Scamming has become a routine part of modern life. Whether at work or home, your employees are bombarded with advertisements, malicious emails, and links infected with viruses and malware. From the CEO to hourly employees and contractors, you’re depending on everyone connected to your business to protect sensitive information.
Testing your employees is one of the most important parts of designing an effective security awareness training program for your organization. Before you can do that, you need to understand the threats that are most likely to become problems for your company. That means understanding what a vishing attack is and how they work.
This guide will introduce you to vishing, including detailed examples and proven techniques to prevent scammers from vishing you and your employees. Use this information to educate everyone working for your company, preparing them to recognize an attack when they encounter one.
What is Vishing?
Vishing is a form of a phishing scam that utilizes voice telephone messages. It’s also known as voice phishing or voice over internet protocol (VoIP) phishing. Phishing attacks are designed to “fish” for information that is later used to commit further crimes like identity theft or the illegal use of bank cards, insurance information, and other resources.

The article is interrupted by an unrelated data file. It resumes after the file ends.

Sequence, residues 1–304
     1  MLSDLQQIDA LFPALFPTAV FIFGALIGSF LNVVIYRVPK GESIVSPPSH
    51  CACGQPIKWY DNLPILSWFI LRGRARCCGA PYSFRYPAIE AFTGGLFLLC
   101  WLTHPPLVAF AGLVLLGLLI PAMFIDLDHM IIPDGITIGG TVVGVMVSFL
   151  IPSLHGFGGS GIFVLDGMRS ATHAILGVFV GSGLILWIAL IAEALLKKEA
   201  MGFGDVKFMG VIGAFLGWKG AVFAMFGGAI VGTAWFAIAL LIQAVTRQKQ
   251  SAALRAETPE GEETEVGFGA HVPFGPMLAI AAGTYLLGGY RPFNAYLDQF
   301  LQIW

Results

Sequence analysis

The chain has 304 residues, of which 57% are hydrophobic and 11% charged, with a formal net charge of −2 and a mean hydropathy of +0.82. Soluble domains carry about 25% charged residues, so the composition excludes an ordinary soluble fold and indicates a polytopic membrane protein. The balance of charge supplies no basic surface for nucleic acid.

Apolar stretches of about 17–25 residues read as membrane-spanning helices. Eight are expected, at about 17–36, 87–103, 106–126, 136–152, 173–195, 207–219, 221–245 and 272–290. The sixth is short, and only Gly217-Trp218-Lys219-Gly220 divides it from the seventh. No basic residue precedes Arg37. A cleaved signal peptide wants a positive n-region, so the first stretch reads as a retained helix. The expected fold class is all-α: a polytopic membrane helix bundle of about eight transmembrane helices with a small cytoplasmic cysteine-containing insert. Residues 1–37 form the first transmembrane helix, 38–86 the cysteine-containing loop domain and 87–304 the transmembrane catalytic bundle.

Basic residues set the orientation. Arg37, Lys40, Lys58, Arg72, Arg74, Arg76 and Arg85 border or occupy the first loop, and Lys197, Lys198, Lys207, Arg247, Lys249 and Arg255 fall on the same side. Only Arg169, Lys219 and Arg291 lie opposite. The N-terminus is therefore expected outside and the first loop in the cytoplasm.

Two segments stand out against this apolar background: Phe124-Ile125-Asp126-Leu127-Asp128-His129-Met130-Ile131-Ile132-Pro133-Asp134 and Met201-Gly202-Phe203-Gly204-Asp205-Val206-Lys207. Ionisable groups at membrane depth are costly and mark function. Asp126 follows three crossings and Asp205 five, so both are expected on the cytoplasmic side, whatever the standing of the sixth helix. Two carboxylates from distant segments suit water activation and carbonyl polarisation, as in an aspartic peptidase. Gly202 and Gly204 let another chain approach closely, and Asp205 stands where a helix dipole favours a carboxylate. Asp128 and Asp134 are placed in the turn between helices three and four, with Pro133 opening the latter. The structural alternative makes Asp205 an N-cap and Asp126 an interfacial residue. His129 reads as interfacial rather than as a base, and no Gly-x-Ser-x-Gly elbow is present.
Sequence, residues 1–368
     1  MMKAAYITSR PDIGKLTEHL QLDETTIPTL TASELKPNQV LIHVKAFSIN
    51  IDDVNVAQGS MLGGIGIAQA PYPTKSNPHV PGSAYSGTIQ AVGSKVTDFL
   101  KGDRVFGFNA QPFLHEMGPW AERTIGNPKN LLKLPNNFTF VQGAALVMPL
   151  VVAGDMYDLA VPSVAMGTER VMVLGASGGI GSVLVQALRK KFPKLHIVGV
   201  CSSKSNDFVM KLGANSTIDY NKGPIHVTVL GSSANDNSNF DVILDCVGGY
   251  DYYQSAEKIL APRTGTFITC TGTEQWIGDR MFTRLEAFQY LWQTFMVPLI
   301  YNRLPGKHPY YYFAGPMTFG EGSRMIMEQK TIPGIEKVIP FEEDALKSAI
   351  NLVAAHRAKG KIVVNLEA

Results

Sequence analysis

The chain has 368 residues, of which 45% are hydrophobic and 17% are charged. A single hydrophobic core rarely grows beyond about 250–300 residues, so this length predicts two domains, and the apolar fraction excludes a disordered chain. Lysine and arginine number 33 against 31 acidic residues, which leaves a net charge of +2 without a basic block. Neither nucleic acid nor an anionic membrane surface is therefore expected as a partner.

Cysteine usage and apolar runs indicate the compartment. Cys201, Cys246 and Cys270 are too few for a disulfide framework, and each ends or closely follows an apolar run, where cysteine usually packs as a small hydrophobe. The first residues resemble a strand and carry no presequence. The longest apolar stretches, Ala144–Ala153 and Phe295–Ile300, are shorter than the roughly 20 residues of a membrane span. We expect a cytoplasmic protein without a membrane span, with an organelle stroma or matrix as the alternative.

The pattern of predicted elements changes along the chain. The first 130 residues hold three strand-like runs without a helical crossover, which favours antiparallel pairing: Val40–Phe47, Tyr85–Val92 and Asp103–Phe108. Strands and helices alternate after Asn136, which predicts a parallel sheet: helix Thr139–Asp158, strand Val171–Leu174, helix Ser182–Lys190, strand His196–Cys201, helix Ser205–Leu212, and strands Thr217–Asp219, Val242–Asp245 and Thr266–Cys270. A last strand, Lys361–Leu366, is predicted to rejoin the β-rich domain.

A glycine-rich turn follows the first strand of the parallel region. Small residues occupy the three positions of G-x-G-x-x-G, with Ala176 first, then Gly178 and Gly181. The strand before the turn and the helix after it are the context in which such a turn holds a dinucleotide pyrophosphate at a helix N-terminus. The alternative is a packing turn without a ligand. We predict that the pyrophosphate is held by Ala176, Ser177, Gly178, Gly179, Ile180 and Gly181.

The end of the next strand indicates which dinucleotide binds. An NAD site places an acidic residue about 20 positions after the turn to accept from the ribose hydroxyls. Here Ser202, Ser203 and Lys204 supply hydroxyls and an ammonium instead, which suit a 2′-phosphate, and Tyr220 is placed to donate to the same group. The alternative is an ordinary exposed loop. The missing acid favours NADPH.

Vishing Vs. Phishing
A fisherman throws his nets out into the ocean and hopes to pull them back in with something of value as a reward. Phishing attacks and vishing calls do the same. However, with vishing, cybercriminals send voice messages instead of emails in hopes of obtaining private information. Sometimes those messages are live phone calls with a real person on the line, but voicemail messages and text messages sent to hundreds or thousands of people at once are becoming more and more common. Keep in mind this could be an automated message or voice call from a real person.